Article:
A major question now is which of the different groups with a shot at victory can best position themselves for success? Can the USDP rebuild its support base (assuming it ever really had one)? Will ethnic parties be able to compete with the NLD?
An NLD win is certainly not assured. In fact, I’d be surprised if we saw a landslide on the scale of the by-elections in ethnic Burmese areas, let alone ethnic minority regions.
The campaign was also based around the personality of the party’s Nobel Prize-winning leader; given she will be 70 in November 2015, it’s not clear how long she can remain at the helm of the party.
Should Aung San Suu Kyi and the party’s representatives struggle to make inroads in the parliament – another feature of the campaign was the NLD’s lofty, perhaps unattainable goals – the election in 2015 may not be as straightforward as the by-elections.
The USDP at the moment seems almost a toxic brand. Rebuilding its support to anything approaching 2010 levels will require either a great deal of coercion or a complete overhaul of the party’s image, culture and operations. I suspect this may be beyond the capabilities of its current leaders.
At the same time, it has failed to recruit or attract talented younger members to take over from some of the geriatrics in Naypyitaw; on one political “capacity-building” trip to Japan for members of political parties, the USDP stayed true to form by mostly sending the children of senior party officials.
“At a personal level they [conservatives in the USDP] know if we don’t reform ourselves, then we will hand the NLD or others a sweeping victory in 2015,” one government adviser told Financial Times last week.
Independent analyst Richard Horsey said the result could usher in “a more polarized political space in the lead-up to 2015, and possibly for more confrontational politics, as key sectors of Myanmar society – the conservative political elite, ethnic parties, and non-NLD democrats – see the risk of marginalization.”
For the USDP, the size of the loss “raises serious questions about what core group of supporters the USDP can rely on, and about its electability in the next general elections due in 2015”, he said.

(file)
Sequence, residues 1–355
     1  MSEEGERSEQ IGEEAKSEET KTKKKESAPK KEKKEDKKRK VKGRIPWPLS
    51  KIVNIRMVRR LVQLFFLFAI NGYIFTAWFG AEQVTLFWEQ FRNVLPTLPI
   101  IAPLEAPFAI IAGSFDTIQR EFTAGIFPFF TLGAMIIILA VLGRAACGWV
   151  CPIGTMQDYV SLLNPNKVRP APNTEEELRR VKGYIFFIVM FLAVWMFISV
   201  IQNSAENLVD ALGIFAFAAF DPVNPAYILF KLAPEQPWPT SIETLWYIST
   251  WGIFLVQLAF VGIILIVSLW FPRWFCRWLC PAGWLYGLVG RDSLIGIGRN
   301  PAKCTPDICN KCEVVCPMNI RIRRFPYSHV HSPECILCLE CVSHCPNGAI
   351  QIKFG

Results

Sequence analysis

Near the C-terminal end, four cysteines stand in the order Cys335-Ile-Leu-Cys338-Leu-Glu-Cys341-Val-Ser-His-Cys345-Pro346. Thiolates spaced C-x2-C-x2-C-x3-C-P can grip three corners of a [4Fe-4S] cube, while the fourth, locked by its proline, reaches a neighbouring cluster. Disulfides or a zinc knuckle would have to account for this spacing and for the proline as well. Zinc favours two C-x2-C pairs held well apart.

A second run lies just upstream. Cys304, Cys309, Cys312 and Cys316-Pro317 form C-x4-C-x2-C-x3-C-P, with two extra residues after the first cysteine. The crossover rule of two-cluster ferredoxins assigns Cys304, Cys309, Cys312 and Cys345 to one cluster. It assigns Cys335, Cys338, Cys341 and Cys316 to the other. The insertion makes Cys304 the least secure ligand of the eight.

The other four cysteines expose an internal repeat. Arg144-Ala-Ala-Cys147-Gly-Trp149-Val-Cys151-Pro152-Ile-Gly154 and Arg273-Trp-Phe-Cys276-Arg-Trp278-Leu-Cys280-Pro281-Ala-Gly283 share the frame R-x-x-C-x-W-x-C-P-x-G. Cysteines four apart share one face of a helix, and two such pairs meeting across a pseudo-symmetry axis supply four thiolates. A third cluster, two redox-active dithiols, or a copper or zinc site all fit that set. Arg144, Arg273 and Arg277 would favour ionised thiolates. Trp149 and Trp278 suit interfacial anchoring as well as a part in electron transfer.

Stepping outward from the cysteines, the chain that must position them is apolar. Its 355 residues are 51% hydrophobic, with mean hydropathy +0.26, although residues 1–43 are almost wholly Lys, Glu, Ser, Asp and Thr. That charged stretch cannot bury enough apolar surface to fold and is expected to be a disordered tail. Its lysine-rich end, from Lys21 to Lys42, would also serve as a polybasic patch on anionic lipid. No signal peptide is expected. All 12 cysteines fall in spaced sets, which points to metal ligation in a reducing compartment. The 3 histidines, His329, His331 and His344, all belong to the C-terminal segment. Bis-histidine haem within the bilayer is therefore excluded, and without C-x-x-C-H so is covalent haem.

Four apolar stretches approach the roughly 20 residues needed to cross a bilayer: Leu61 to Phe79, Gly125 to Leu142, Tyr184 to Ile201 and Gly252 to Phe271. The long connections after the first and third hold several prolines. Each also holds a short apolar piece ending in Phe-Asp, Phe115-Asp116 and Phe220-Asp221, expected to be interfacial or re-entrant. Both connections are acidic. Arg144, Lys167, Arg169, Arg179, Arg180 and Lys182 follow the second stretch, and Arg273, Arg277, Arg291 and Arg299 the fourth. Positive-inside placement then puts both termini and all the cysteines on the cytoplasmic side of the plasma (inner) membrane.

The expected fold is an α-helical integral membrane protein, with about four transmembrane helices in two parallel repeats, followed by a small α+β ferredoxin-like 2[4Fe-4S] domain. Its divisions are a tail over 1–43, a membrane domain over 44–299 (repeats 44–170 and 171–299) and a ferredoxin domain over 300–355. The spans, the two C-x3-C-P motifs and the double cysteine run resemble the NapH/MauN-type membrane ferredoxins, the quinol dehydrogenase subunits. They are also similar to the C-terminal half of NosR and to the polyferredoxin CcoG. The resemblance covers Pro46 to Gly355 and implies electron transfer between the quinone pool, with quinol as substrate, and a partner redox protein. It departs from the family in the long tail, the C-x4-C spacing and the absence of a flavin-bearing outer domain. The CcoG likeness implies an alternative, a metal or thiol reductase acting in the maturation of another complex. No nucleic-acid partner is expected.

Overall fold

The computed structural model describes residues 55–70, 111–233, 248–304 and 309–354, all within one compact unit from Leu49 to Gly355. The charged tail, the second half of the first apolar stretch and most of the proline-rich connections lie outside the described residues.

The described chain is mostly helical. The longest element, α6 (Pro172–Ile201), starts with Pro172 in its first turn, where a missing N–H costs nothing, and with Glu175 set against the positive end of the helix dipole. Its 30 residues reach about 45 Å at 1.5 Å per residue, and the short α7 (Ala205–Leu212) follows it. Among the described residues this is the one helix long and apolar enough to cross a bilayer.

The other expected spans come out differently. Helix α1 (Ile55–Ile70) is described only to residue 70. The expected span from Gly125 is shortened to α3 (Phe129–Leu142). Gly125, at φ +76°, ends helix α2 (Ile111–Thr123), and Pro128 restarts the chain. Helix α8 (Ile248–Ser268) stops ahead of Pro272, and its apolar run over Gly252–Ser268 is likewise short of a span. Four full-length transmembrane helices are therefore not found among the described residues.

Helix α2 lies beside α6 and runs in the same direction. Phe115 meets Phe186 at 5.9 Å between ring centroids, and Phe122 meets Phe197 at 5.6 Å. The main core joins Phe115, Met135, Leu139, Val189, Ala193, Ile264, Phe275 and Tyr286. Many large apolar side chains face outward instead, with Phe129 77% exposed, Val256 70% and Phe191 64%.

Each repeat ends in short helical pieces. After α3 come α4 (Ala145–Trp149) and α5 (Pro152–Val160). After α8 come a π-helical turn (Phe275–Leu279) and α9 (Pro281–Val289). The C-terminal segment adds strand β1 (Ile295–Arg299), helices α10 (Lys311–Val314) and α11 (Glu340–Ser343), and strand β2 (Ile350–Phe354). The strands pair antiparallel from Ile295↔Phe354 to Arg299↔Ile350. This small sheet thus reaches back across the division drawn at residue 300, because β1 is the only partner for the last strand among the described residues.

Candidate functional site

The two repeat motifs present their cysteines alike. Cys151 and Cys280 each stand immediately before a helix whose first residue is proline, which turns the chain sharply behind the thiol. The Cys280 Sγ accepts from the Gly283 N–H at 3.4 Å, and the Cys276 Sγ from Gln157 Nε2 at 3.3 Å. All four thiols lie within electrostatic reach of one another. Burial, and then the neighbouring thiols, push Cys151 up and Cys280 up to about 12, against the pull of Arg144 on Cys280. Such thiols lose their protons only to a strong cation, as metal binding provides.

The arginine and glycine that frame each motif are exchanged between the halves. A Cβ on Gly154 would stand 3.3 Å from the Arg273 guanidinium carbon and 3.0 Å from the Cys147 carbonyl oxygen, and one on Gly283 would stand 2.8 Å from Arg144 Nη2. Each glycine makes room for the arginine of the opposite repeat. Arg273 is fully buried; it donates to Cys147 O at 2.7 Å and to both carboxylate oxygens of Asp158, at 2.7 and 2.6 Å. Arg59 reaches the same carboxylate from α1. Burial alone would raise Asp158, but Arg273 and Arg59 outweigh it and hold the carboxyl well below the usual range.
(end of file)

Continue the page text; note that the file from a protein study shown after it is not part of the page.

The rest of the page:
“How the USDP will position itself going forward will depend in part on which of the various factions in the party will gain the ascendency following its poor showing in the polls. If the hardliners (who also have considerable financial muscle) do so, the party may start to position itself more aggressively – perhaps with the kind of corrupt populism adopted by some other parties in the region. Alternatively, a more moderate faction may use the by-election results to push for a fundamental reorganization and reorientation of the party. If the USDP is unable to formulate a credible plan for success in 2015, many of its strongest candidates may leave the party.”
As with everything in Burma, it’s difficult to speculate with any sense of conviction. There is a real risk of a coup. If there is one thing the election showed, it is that politics remains dangerously personalized; too much is reliant on the understanding between President Thein Sein and Aung San Suu Kyi, as well as Lower House Speaker Shwe Mann.
If this relationship wavers – and, as we’ve seen in recent days, obstacles can appear in relatively unlikely places – Burma’s political future will be more opaque than ever.